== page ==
The Mazzola Minute: Kevin Durant

On Feb. 8, in response to another bout between NBA superstar Kevin Durant and members of the press, Warriors head coach Steve Kerr referred to the league as a “soap opera,” with coaches and players as actors. The job of professional basketball players includes much more than being an athlete.

Durant’s charged relationship with the media and fans has created a positive feedback loop. Durant reacts strongly to the media’s coverage of him, the media covers that reaction, fans voice their discontent.

Media members and fans insulting NBA superstars is not a new phenomenon strictly associated with Durant. Unlike other superstars, however, Durant seems unable to block out what he views as unfair treatment, frequently responding on social media, in press conferences, or even during actual NBA games.

There’s nothing morally wrong with hypersensitivity to criticism; it’s the manner in which Durant responds that raises eyebrows. It’d be impossible to cover every instance of Durant acting prickly toward the media, so let’s look at one instance of this.

Durant took to social media in early July of 2018 to respond to a teenager’s criticism of his leadership and playmaking abilities. The account @bucketscenter is run by 17 year old Kalyb Champion. In addition to responding to Champion in the comments section, the two got in a heated exchange over direct messages, with Durant calling Champion a “Middle school/knock off stephen a.” After the teenager suggested Durant use his and others’ doubt as motivation, Durant responded, “Nah buddy you’re like 12, your opinion will not be used as any motivation.”

Durant has not always been this abrasive. In fact, Nike debuted the “KD is not Nice” campaign back in 2012 to remind the world that, despite being humble and soft-spoken, Durant was still a killer on the court.

Fast forward to 2019. No longer the NBA’s soft-spoken fan-favorite, Durant plays the arch-villain, the man who left the small-market Thunder for the 73-9 Warriors. Durant’s move to the Warriors worked against his public image in another way, too.

Playing in the Golden State’s egalitarian offense, Durant’s isolation-heavy tendencies are accentuated. In Oklahoma City, Westbrook was labeled the selfish one, unwilling to sacrifice for his more talented teammate, even as a point guard. On the Warriors, Durant has taken the selfish mantle, and for good reason.

In Durant’s isolation possessions, Curry and Thompson are effectively stranded at sea out on the perimeter as Durant operates alone on an island. Curry and Thompson are at their best in rhythm, so they require a steady flow of shot attempts.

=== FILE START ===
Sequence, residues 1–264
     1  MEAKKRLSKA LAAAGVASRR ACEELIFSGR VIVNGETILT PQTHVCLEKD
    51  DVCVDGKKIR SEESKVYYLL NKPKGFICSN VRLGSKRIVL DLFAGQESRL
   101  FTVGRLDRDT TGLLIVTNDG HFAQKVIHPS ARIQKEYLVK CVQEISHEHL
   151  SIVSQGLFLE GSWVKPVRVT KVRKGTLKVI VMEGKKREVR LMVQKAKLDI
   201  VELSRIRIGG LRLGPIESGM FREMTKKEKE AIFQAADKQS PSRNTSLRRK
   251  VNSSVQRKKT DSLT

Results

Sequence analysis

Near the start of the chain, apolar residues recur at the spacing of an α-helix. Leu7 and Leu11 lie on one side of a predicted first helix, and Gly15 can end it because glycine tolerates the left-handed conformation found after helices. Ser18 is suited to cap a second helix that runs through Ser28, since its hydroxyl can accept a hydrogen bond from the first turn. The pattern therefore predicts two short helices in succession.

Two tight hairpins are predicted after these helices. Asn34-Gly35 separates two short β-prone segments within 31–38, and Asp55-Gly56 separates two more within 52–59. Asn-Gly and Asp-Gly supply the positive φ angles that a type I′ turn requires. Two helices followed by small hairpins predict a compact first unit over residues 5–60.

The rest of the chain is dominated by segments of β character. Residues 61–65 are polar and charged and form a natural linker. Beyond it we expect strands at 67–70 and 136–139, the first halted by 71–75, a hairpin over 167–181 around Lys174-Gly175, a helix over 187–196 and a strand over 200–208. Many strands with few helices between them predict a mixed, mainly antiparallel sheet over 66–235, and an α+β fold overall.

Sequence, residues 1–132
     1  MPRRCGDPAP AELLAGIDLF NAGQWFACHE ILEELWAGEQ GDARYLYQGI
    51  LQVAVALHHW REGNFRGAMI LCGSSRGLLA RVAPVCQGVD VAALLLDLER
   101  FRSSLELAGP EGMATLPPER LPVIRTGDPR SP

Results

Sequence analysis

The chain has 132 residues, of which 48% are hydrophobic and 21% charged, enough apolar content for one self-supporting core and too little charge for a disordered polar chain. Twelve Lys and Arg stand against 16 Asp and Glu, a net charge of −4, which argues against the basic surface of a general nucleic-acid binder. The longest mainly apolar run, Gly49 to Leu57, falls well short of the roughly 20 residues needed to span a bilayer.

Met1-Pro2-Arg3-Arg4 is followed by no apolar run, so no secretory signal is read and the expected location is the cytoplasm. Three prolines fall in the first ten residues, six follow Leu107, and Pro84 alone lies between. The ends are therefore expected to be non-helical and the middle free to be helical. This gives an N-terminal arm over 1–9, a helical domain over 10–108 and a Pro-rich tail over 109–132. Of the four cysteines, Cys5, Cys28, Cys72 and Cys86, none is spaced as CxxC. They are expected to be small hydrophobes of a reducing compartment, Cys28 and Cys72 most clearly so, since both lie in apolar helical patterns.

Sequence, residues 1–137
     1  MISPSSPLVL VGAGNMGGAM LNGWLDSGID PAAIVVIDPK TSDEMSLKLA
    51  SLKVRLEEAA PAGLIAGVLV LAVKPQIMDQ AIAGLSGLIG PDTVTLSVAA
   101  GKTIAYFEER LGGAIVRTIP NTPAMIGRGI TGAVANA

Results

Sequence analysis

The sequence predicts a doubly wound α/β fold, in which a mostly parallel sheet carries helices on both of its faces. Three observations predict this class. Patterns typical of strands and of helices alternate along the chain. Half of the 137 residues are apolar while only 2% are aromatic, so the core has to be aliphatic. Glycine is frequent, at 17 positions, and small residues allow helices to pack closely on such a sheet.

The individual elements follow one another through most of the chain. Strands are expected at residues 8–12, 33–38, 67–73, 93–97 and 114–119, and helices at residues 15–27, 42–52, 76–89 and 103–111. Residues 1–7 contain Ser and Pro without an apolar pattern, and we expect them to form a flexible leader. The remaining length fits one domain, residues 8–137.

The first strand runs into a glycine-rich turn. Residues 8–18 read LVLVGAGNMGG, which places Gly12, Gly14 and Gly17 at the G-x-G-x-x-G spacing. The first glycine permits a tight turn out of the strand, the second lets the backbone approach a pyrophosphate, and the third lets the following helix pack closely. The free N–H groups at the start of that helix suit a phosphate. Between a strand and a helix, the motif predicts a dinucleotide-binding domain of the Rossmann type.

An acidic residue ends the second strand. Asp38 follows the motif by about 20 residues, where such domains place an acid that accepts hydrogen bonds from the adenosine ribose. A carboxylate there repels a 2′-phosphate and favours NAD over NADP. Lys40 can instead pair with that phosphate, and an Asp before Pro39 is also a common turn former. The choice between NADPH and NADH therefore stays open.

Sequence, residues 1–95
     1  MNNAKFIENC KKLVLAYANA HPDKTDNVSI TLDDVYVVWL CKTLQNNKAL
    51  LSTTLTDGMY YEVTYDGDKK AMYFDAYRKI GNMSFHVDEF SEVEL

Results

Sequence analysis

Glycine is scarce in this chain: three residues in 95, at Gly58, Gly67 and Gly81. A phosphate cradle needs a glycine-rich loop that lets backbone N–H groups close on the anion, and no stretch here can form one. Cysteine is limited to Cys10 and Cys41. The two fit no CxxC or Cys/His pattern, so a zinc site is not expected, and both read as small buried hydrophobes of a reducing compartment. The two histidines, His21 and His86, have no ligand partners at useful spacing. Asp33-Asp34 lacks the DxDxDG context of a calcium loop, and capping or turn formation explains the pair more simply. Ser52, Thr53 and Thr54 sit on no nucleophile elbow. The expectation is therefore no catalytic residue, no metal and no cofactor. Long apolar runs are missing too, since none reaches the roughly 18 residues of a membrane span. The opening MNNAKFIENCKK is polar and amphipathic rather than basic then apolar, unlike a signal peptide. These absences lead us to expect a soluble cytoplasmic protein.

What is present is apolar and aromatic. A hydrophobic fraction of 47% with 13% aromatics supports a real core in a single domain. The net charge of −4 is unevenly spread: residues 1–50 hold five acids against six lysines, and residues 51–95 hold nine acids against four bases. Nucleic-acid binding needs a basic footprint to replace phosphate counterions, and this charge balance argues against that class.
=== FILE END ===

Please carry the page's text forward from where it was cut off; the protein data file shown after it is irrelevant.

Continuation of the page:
Worse, Durant essentially refuses to play off-ball, merely standing around on plays that don’t directly involve him. Unless he’s playing the point, Durant either posts up at the elbow, a set engineered to give Durant a favorable matchup in isolation, or he ball-watches from the perimeter.

Durant is also not much of an off-ball screen-setter. The beautiful chaos of Golden State’s offense is predicated on role-players and stars, alike, setting off-ball screens to free shooters. Curry fortified the Warriors “Strength in Numbers”-based culture with his willingness to set off-ball screens for mere role-players, doing so at a rate never before seen from a superstar.

First, Durant was slammed for joining the Warriors. Now, he’s bashed for not fully buying into their offensive scheme. If it seems a bit like a no-win situation, that’s because it is. Sadly for him, even Durant’s play is not immune to critique.

Again, this issue is not unique to Durant. In fact, to this day, his teammate Curry is criticized for over-reliance on his jump shot. You don’t, however, see Curry personally responding to every (or, really, any) of his critics.

The “new” Durant, with his focus on deriding fans, and not buying into the team mindset established by the startup-wizards of the Bay Area may spell trouble for what otherwise have been an incredible legacy. One might look at Michael Jordan’s legacy, of outstanding achievement on the court, and questionable character off it, as a model to understand this change.

In game five of the Western Conference Finals last year, Kerr relayed a speech to Durant told by Chicago Bulls’ head coach Phil Jackson to Jordan in 1993: “When MJ was with the Bulls, we had a playoff game,” Kerr said. “He kept trying to score, and he was scoring, but we weren’t getting anything going.”

Like Jordan, Durant had been scoring consistently (albeit inefficiently) in that series, but it came at the expense of getting his teammates in rhythm. Jordan ended up winning the finals that year off a game-winner from teammate John Paxson. For Durant, Kerr sought to instill greater trust in his teammates.

Durant did a better job of distributing in later games, and, as a result, the Warriors wound up winning the series. For all his personal flaws, specifically in his relationships with media members and fans, Durant’s on-court achievements are undeniable, and, like Jordan, he would be wise to continue taking advice from his coaching staff to further bolster his resume as an all-time great.